All sports coverage will be from ABC/ESPN. Nothing will be true unless ESPN says it is. All athletes will be given nicknames based on Disney characters. Whole games will not be shown and instead all sports will be broadcast in highlight packages that cut from shot to shot so quickly that only rats on methamphetamines can follow them. These highlights will be accompanied by whatever is the most annoying hip-hop song available at the time. Most "sports" will in fact be clips of Sportscenter hosts doing poor David Letterman impressions while they interview Maxim models. The word "hello" will be replaced on all ABC/ESPN broadcasts with the word "boo-yah." "Boo-yah, Brent." "Boo-yah to you, Kirk."
That article is just full of FAIL.
Did Schlabach even watch any Big Ten bowl games this season?
The only truths I see actually occurring are the conference alignments and Michigan/Notre Dame becoming "relevant" again. As if Michigan had ever become irrelevant...
I still don't see how adding 1 game (split 12 ways) and a below average team to the market (e.g. Missouri) helps garner the B10 more money.
Right now, they are dividing revenue by 11. If Missouri is added, they would have to be above average in revenue to add value to the B10 (each team would also get 1/12 of the championship game).
I don't think Missouri brings in more money than an average B10 team (but don't have the financials).
The fact that Schlabach has designated one of his bullet points about Michigan is proof they are not irrelevant.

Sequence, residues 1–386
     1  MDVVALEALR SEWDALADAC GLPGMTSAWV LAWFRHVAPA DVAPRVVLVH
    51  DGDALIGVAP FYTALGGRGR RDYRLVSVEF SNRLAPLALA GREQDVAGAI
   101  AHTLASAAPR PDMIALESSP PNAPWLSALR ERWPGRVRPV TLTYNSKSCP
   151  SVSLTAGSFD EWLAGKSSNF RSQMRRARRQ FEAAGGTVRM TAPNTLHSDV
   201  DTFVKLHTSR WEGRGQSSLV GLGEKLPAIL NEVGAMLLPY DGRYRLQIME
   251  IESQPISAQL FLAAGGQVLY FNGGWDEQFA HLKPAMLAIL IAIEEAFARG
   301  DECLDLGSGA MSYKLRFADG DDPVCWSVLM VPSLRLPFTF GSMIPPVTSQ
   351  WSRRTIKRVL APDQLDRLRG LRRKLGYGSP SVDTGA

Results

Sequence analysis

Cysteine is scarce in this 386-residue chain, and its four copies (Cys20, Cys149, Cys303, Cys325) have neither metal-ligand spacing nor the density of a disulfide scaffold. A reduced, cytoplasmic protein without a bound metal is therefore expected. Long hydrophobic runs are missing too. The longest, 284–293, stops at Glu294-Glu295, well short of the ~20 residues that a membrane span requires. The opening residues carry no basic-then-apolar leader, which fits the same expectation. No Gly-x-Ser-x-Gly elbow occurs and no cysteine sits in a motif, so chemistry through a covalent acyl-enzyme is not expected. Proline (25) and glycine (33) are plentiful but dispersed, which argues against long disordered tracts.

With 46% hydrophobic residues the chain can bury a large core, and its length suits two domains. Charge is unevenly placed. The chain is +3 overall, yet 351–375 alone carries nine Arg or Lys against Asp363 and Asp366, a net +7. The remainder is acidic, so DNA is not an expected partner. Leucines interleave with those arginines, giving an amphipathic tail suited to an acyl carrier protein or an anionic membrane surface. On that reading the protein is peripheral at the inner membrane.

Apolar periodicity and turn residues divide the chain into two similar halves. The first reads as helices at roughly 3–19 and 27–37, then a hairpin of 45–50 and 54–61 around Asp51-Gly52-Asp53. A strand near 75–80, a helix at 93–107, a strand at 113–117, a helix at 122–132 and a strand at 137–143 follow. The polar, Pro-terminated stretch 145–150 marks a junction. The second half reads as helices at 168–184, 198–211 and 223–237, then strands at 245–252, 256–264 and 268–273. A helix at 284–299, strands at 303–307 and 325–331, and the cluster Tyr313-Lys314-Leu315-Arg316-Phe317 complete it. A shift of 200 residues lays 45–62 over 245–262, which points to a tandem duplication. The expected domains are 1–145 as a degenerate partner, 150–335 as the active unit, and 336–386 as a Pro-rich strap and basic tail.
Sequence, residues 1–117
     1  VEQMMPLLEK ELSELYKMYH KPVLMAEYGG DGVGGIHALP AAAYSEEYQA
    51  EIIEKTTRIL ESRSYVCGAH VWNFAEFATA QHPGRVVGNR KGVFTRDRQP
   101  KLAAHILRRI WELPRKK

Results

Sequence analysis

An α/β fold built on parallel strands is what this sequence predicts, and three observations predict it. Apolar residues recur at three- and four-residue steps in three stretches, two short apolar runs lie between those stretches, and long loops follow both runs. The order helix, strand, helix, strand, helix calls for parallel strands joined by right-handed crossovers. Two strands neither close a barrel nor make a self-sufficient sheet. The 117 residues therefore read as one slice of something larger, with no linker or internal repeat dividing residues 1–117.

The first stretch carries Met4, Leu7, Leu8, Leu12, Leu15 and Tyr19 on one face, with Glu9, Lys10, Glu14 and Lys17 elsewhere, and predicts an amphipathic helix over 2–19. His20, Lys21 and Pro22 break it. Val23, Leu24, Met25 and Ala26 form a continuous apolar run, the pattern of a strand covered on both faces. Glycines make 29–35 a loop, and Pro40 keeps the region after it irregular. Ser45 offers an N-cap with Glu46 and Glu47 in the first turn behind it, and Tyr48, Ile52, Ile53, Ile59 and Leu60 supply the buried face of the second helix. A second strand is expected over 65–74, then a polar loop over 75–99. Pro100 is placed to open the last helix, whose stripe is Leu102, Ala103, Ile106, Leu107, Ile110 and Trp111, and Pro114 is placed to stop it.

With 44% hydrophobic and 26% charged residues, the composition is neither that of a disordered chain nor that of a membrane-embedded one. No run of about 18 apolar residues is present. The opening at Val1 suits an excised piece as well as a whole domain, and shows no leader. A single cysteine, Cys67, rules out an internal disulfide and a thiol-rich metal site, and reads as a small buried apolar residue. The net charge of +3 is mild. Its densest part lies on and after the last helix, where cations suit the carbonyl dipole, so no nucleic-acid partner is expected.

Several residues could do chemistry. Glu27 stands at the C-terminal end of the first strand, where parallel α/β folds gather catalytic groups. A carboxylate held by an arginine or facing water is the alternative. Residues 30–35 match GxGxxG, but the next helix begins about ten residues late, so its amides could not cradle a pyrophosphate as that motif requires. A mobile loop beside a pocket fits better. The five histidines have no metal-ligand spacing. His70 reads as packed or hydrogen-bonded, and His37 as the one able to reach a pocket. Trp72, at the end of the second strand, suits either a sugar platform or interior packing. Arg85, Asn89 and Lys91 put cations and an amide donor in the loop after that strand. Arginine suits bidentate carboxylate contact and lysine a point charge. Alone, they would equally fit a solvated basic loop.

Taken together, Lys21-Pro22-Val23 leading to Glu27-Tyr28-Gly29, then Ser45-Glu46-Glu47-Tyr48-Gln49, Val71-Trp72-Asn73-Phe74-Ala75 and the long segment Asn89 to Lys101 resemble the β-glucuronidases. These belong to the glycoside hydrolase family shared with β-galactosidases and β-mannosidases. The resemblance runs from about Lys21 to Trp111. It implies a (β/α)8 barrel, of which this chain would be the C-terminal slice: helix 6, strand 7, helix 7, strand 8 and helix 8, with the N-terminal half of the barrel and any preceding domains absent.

Want irrelevance? Minnesota just built a new football stadium for the Geauxfurs, but the Vikings have had the headlines all year with BERT FARVE.
Also, the Geauxfs they pulled a 0.4 rating for their bowl game. Michigan would get a better rating for a practice.
To be fair, the lolphers played on the NFL Network on New Year's Eve Night. Pretty much the perfect storm for a ratings nightmare.
That is one of the worst articles I have read in a long time.
As long as the future doesn't hold any ESPN original movies I'm ok. They're so cheaply made. I thought ESPN had money.
regarding #8, we were just kidding, actually Michigan wins 2 National Championships and D Gardner wins the Heisman trophy during the decade.....
I would figure their predictions for the future included ESPN Holywood: The Movie, President Stephen A. Smith, and someone finally strangling Chris Berman.
Even negating the shots he took at the Big Ten and Notre Dame, his seemingly serious predictions were stupid. This is unsurprising, considering that Schlabach never produces anything intelligent.
First of all, taking Schlabach's assumption that Missouri goes to the Big Ten (which is plausible) for granted, we will have a mess bigger than anything Schlabach has predicted. First of all, the Big 12 would collapse, as Texas and Colorado would likely bolt to the Pac 10, while Texas A&M and Oklahoma would likely attempt to join the SEC. The reason this is likely to happen is that Missouri contributes a lot of revenue to the conference, the loss of which would leave the stronger teams to look for greener pastures. This would leave the remainder of the conference to try to sort themselves out. I'd imagine that Nebraska would be an independent (football only) for awhile, as their football team has a strong enough national brand to survive on its own. The remainder of the conference would be screwed. Kansas and KSU may go to Conference USA, perhaps taking Iowa State or Baylor with them as they attempt to form a reasonably strong basketball conference. The remaining teams may be forced to join the Mountain West or something. Simply put, it would be a big mess.